As said, she was still stunningly attractive, garbed in a gown of woven musical notes, her pale azure hair spilled down her back like a cloudless summer sky. And sitting next to her, in October’s favorite chair was…
“Who is that?”
“Oh, he’s a new member.” said Amos, “Just joined recently, he’s from Chicago.”
“Let me introduce you,” and October was led to the group that had gathered around this newcomer.
“Charlie, here’s someone you should meet, October Maniver,” offered Amos.
Charlie stood up, held out his hand, and said, “The famous Aeromancer! A real pleasure!”
October shook Charlie’s hand and looked him up and down. Not handsome nor ugly. His hair was brown. Not the brown of an autumn leaf that had fallen to the forest floor. Just brown. If there was anything extraordinary about him is was his ordinariness. His attire was odd. Not odd like most magicians. He was wearing jeans, sneakers, and under a sports coat, what at first looked like a hooded tunic but turned out to be a hoody.
“Yes, I’m sure.”
“Hey, let’s get another round of drinks!” suggested Charlie and everyone agreed. Even October suddenly wanted a drink.
Cocktails were distributed, glasses were raised, spirits were both raised, and consumed.
“Lianna here was about to tell us about that crazy piccolo that nearly destroyed Carnegie Hall,” stated Charlie.
“Truthfully, it wasn’t the piccolo that was insane, but the enchanter who made it was most definitely was!” supplied the Symphomancer.
This created more laughter and more magicians gathered to join in on the fun.
“I hate to interrupt,” interrupted October, “But there is a pressing matter I need to discuss with Lianna.”
Conversation and laughter died out as he said that.
“October, let’s talk later, we’re all having such a grand time!” added Lianna.
This was the unanimous opinion of the group, including Amos, much to October’s irritation.
“C’mon pal,” said Charlie, “pull up a chair and join us!”
“I would, but you’re sitting in my customary seat,” tetchily replied October.
“Sorry man,” stated Charlie, “I didn’t know. It’s all yours.”
The newest member stood and offered the chair. October was about to take, what he considered to be his rightful place when he looked around. Instead of the approval of reinstatement of the natural order of things, he was being given death stares. Not actual Death Stares, those were forbidden to be used on club premises by the bylaws, but his social standing was dissolving around him.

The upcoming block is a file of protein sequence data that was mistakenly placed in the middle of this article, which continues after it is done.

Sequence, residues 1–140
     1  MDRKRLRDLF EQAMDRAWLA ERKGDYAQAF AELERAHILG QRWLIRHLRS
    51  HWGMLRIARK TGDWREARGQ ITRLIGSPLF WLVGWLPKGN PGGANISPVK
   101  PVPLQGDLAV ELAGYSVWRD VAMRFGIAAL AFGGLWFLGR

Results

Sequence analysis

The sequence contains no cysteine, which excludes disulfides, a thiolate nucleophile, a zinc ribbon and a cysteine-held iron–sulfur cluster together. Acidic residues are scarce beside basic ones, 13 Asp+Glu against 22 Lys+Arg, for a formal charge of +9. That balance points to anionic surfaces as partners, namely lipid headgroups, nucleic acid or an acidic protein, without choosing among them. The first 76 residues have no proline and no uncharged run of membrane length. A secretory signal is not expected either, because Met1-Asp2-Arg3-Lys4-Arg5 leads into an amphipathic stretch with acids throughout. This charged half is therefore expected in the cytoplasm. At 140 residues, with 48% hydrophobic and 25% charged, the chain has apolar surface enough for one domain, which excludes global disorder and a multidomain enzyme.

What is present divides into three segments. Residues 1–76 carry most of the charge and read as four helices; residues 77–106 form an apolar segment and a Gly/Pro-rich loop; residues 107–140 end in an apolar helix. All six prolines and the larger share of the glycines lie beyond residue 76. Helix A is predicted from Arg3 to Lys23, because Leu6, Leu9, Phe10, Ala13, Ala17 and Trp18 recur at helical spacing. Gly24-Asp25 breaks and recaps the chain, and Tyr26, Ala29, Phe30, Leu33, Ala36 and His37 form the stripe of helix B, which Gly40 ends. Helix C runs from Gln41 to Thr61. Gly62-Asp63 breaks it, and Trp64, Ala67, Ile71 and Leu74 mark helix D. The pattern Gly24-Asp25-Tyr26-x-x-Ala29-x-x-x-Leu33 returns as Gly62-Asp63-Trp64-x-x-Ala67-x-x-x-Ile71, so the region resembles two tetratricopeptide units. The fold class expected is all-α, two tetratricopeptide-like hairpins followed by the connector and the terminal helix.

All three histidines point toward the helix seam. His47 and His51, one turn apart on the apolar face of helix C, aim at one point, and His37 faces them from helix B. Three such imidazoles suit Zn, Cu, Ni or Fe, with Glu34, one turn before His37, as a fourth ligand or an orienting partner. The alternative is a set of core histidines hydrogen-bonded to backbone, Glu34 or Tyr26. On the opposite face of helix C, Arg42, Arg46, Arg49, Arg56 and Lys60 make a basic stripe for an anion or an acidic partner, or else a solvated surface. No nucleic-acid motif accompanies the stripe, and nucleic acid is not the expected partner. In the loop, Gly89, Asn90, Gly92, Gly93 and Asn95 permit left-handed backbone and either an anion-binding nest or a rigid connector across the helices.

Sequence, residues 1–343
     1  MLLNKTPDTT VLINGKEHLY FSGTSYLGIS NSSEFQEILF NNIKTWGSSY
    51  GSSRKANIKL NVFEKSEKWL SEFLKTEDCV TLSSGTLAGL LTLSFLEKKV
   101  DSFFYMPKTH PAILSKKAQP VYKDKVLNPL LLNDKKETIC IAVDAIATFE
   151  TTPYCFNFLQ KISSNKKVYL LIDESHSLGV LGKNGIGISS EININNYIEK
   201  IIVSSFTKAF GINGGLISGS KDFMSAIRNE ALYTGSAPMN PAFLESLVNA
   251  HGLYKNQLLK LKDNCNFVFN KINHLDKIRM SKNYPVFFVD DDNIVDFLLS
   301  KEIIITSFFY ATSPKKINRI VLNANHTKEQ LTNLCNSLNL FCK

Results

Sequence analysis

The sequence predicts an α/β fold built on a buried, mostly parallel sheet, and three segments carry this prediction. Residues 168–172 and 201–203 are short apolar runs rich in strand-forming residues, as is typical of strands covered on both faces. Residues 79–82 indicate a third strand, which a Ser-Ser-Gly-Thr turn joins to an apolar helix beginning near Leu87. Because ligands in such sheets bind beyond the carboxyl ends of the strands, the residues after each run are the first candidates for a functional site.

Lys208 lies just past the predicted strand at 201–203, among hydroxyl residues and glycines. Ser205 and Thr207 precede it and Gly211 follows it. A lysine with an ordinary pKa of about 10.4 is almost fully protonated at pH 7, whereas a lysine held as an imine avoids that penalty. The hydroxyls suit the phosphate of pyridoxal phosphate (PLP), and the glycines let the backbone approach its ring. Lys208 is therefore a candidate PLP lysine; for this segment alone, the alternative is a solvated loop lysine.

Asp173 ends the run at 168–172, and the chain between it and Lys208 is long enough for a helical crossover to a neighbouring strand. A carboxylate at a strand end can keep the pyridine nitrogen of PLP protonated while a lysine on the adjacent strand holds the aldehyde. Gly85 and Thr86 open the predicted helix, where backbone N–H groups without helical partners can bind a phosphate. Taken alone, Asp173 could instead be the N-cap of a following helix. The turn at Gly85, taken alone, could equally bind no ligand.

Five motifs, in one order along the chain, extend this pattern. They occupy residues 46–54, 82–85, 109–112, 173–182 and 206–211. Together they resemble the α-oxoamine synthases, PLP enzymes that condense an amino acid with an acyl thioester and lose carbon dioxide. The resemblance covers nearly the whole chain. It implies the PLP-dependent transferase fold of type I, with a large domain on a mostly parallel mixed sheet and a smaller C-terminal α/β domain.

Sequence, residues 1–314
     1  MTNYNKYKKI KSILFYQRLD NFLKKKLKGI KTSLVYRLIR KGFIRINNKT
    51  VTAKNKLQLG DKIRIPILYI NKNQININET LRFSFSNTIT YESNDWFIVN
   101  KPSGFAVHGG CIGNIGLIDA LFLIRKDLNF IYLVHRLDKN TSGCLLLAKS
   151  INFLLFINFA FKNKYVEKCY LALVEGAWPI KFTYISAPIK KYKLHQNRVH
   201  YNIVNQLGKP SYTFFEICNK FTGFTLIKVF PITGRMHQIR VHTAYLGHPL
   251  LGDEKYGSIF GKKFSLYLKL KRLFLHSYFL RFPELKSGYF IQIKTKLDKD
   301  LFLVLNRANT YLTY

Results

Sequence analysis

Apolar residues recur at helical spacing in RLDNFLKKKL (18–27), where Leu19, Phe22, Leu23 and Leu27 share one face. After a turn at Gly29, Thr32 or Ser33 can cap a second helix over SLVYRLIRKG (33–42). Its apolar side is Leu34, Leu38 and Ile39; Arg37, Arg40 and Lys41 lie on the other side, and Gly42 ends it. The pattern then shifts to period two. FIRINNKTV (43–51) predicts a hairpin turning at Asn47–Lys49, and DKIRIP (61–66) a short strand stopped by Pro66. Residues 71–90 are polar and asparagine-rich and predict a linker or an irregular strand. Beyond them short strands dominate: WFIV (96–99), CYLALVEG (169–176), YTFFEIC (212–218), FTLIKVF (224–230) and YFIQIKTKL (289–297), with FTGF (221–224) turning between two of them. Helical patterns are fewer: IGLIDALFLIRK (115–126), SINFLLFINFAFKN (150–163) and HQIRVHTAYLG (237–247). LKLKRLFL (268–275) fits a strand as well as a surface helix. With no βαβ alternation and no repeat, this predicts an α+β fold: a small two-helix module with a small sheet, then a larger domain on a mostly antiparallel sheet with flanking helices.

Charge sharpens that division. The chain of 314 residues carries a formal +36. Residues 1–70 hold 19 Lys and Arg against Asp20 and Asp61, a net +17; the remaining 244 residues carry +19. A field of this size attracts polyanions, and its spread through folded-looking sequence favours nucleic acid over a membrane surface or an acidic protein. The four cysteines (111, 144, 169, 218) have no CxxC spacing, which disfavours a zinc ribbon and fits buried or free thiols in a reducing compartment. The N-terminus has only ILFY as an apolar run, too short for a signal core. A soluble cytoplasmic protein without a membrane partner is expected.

“Everyone, let’s head to the roof garden, they have it set for late spring and the view is spectacular,” suggested Lianna.
This suggestion was taken up with gusto by the rest of the crowd, which had grown to include everyone. Everyone except October. As they filed out of the common room, the aggrieved Aeromancer muttered, “I should challenge that cur!”
“Excuse me?” said Charlie.
Everyone fell silent, including October.
“It sounds like you’re formally challenging me,” declared Charlie.
October knew that things were spiraling out of control and did the only thing he could. He double-downed.
“Indeed! I formally challenge you to a duel!”
“Okay then, if I understand the club rules, and I do. Never join a group if you don’t know what’s what. It’s good advice,” he said with a wink, “Now, by the rules of OUR club, I get to choose the terms of this dust-up.”
“Yes, you do,” replied October.
“I’m a reasonable guy, no need to fight to the death. Let’s just say till one of us gives up. Willing.”
The assembled group all thought that was an excellent idea.
“And as the challenged party, it will be my magic versus yours. No need for pistols or sabers.”
“These terms are acceptable.”
“Great! I’m happy you’re so agreeable,” Charlie added, “Because. The. Rules. Are. Important.”
“And I’ll need a second,” added Charlie. Everyone volunteered but he chose a whipcord lean Battle-Mage by the name of Delano Constantinople.
October chose Amos who replied, “Oh… Certainly,” with a lack of enthusiasm.
“Sweet, let’s do this tomorrow, let’s say noonish? Then we can go out for lunch afterwards.”
With that, the assembled crowd exited, leaving October alone.
The next day, the entirety of the Dee Club assembled at the dueling grounds in Westchester, just north of Sleepy Hollow. It had bequeathed to the club by an old member who was repeatedly fined for dueling in public. It was named the Bethawai Dueling Grounds, clearly in a fit of pique but the name stuck and here we are.